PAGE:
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Writing in the fifth edition of this Handbook, author Michael Fordham described his ambition when writing the first edition (and indeed all subsequent editions) of this book as "to read as many judicial review cases as I could and to try to extract, classify and present illustrations and statements of principle".
Behind this aim lay the practitioner's overwhelming need to know and understand the case-law. Without it, as Fordham says "much can be achieved in public law through instinct, experience and familiarity with general principles which are broad, flexible and designed to accord with common sense". But with knowledge of the case law comes the vital ability to be able to point to and rely on an authoritative statement of principle and working illustration.
Knowing the case-law is crucial: "the challenge is to find it". This, the sixth edition of the Handbook, continues the tradition established by earlier editions, in rendering the voluminous case-law accessible and knowable.
This Handbook remains an indispensable source of reference and a guide to the case-law in judicial review. Established as an essential part of the library of any practitioner engaged in public law cases, the Judicial Review Handbook offers unrivalled coverage of administrative law, including, but not confined to, the work of the Administrative Court and its procedures.
Once again completely revised and up-dated, the sixth edition approximates to a restatement of the law of judicial review, organised around 63 legal principles, each supported by a comprehensive presentation of the sources and an unequalled selection of reported case quotations. It also includes essential procedural rules, forms and guidance issued by the Administrative Court.As in the previous edition, both the Civil Procedure Rules and Human Rights Act 1998 feature prominently as major influences on the shaping of the case-law. Their impact, and the plethora of cases which explore their meaning and application, were fully analysed and evaluated in the previous edition, but this time around their importance has grown exponentially and is reflected in even greater attention being given to their respective roles.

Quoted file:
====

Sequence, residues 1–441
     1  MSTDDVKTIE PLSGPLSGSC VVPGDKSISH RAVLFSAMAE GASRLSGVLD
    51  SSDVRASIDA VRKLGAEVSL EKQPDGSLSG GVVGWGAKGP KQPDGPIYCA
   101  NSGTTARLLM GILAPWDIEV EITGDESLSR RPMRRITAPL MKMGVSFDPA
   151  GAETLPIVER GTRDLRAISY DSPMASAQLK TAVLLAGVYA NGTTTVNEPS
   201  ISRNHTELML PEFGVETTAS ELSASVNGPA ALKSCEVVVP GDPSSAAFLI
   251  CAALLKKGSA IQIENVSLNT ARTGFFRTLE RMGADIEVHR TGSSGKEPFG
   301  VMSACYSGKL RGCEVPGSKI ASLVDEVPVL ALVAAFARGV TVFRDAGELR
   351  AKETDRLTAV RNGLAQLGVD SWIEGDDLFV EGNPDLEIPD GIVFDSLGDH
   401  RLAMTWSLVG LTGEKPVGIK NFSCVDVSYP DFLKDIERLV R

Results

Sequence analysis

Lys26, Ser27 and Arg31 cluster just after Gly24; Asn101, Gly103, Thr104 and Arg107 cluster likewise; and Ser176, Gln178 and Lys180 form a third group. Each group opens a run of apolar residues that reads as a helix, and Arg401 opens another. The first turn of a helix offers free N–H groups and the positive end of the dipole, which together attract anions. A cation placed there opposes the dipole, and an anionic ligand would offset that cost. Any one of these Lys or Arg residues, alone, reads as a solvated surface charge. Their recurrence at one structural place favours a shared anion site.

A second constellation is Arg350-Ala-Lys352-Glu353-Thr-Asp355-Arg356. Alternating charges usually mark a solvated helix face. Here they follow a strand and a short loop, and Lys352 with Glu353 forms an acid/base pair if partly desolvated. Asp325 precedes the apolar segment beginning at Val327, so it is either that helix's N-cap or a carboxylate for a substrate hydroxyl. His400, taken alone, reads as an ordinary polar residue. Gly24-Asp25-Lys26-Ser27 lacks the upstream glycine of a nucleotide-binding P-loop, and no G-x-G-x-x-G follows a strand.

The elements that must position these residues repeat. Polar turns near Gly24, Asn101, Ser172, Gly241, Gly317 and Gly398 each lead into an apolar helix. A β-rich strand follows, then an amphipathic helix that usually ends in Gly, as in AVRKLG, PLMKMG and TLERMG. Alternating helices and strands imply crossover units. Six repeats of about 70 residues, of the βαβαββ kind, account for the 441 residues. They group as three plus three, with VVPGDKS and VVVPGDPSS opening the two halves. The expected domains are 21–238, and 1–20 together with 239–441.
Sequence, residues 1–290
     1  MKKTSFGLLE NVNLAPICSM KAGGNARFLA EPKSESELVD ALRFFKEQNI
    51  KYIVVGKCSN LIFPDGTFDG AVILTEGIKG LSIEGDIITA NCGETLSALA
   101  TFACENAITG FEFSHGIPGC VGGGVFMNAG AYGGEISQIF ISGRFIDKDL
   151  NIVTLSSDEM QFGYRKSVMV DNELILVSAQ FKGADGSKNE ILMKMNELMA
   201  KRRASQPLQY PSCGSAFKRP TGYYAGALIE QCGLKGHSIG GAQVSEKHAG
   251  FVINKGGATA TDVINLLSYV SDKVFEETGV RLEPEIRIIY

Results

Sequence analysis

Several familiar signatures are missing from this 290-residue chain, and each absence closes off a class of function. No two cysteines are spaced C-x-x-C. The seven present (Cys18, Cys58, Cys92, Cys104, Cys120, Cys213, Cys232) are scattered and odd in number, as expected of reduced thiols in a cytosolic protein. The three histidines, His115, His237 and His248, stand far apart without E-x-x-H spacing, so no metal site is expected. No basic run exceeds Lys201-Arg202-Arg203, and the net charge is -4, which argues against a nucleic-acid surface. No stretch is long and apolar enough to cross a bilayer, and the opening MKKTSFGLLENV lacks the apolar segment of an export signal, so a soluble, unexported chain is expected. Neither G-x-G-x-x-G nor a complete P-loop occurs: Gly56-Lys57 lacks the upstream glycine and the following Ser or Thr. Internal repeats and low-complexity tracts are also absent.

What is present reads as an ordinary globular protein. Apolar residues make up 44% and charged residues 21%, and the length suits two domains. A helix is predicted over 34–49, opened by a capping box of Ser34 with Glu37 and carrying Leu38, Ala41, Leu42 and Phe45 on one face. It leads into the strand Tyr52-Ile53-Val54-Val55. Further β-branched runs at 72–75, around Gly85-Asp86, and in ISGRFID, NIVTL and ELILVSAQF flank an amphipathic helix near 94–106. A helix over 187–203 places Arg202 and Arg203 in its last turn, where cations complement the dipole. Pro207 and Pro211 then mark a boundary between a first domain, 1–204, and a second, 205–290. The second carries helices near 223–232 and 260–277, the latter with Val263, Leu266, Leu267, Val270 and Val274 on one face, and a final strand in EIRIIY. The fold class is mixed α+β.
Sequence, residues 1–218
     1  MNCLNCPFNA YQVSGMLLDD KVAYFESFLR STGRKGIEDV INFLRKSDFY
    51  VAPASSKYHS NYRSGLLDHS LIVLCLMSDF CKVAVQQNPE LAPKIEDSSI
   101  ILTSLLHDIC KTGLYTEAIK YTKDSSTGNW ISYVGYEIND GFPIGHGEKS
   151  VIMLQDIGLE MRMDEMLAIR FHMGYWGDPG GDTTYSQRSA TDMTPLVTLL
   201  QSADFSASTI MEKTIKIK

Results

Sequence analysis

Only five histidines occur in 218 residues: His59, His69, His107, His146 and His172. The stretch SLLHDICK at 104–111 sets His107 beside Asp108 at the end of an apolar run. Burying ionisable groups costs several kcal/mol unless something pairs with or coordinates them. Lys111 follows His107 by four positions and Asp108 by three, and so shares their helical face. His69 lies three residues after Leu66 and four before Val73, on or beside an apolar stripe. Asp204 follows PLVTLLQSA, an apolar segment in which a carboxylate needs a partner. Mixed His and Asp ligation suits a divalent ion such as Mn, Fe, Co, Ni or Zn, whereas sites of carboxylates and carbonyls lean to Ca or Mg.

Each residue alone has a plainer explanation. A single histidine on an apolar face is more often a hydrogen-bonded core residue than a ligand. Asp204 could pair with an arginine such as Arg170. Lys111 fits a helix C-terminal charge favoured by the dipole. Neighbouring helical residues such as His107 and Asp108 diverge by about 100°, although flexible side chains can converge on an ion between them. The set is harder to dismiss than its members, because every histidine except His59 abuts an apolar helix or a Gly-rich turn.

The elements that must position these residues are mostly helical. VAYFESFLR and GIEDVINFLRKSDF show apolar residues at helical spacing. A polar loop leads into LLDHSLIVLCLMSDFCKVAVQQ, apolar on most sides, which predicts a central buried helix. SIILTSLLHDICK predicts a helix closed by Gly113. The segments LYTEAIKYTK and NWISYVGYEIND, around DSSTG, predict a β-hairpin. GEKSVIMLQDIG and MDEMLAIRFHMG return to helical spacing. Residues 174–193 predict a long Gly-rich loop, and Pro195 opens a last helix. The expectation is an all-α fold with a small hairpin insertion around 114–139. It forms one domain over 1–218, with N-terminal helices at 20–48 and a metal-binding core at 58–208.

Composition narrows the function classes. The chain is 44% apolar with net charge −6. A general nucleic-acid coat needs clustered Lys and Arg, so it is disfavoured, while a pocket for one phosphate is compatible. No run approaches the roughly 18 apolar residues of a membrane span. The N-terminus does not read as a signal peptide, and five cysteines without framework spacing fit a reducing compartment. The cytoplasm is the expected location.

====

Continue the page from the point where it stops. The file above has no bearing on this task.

Attention is also given to another new development - the coming into existence of the Supreme Court. Here Michael Fordham casts an experienced eye over the Court's work in the area of judicial review, and assesses the early signs from a Court that is expected to be one of the key influences in the development of judicial review in the modern era.